When There’s No Time for Dinner Group

I recently got an email from someone who was hesitant about committing to a dinner group. They were having trouble making it work with the demanding hours of a new job. We’ve all been there, whether it’s a hectic job or another commitment weighing down our schedule.

That’s why I was so glad they had the courage to ask the question. What do you do when you don’t have time for dinner group?

The answer, quite simply, is to try. Give it just six weeks. I think you’ll find it will be some of the best 90 minutes to two hours of your week. At the end of the day, it requires a step of faith.

When I first started attending Hoboken Grace, I was in a similar situation. I moved to Hoboken in 2008 to work for JPMorgan. Being that I worked at an investment bank at an entry level, I was working 60 to 70 hours a week, busting my butt trying to prove myself and find my value. By the time I got home I was wiped and exhausted. That got old real quick. It had only been nine months, and the lifestyle of work hard play hard was starting to get to me.

Then one Sunday a man named Steve invited me to join his dinner group. I hesitated to say yes because I wasn’t getting home ’til 8 or 9, and by that point, I just wanted to go home, kick my shoes off and relax. I didn’t feel like I had the capacity for one more thing.

Finally, I went and it was nothing like I’ve ever experienced. I was surround by a group of guys who were in their late 20s who were either married or in a serious relationship. The odd thing to me was how much they loved their wives and others. It was so counter-cultural to what I was experiencing in life. It wasn’t that I wanted to be married like them, but that I wanted to be as loving as they were. I came to find out much later it’s because of the relationship they had with God that allowed them to love in such sacrificial ways.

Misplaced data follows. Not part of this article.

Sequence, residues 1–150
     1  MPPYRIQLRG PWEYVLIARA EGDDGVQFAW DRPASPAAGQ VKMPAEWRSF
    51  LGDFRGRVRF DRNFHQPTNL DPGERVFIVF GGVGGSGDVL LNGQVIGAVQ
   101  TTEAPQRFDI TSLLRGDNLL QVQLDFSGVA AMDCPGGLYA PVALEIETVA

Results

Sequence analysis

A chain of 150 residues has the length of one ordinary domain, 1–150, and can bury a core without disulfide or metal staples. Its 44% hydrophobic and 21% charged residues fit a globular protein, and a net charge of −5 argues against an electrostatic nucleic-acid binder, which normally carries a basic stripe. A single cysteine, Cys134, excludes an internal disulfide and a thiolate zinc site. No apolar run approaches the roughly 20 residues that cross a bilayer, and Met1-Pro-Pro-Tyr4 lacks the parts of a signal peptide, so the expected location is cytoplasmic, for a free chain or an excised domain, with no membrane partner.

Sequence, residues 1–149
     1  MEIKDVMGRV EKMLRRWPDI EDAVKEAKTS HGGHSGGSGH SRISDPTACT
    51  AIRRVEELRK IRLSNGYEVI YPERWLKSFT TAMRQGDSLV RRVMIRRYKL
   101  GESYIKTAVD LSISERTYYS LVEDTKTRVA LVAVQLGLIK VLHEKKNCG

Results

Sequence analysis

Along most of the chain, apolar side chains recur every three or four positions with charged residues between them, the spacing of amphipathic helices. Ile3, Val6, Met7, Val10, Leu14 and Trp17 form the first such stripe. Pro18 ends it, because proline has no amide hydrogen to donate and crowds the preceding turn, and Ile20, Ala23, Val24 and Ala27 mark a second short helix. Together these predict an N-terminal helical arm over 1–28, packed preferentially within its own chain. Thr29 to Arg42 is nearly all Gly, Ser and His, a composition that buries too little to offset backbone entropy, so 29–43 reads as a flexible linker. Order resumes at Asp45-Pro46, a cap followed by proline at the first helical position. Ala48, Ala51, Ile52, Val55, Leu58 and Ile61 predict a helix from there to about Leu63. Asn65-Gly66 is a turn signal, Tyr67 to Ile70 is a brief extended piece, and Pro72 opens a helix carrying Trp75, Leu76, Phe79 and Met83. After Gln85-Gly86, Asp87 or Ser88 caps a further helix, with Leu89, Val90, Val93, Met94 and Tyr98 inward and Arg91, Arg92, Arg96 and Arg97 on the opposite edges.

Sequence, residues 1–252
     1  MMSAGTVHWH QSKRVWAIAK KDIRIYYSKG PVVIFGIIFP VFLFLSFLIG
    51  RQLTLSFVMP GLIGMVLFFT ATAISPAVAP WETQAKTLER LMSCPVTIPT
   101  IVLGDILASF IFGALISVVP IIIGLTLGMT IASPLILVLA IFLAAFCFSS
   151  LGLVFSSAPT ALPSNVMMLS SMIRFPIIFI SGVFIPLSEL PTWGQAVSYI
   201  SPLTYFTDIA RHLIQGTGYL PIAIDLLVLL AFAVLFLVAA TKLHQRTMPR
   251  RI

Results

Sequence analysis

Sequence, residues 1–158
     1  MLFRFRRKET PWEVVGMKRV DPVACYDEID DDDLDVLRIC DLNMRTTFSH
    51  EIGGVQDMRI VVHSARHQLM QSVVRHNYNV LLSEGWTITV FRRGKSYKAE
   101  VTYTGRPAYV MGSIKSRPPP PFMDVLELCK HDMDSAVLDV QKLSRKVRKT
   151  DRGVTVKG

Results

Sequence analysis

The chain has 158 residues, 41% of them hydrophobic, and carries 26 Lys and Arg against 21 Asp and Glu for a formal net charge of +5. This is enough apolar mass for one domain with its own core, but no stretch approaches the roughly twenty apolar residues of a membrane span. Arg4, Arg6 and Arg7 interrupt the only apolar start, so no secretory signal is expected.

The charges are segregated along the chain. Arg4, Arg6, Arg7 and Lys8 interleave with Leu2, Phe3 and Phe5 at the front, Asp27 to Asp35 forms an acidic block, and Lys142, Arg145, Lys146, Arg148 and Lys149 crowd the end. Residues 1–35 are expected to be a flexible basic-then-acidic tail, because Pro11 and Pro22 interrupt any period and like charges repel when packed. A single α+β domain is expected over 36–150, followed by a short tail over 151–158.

I knew I’d need to make time for dinner group if I wanted to be like them. The week I decided that was the week before the financial industry was collapsing in September 2008, and I had a front-row seat for it. My hours increased all the more, but I knew it was more important for me to be in that group. It meant I had to ask my manager if I could leave early at 7:30 p.m. on a Monday to make group. Thankfully, that conversation was a heck of a lot less scary than it was in my head. I’m not sure where the courage came from to ask, but I’m glad I did. Joining a dinner group ¬†helped save my life because when life came my way I was glad I had a community of believers around me continuing to point me toward God and the right path. I’m not sure what my life would look like without my group.

Sundays are great — we get to worship together and hear a relevant message. But in a group, you’ll find growth, accountability and acceptance, something that’s really a challenge in the rows we sit in on Sunday. Groups help us to activate our faith and give us the encouragement to do so.

Is there a night of the week that you could carve out two hours for the next six weeks? I really think you’d enjoy the community that comes from being a part of a dinner group.¬† Find your group here.

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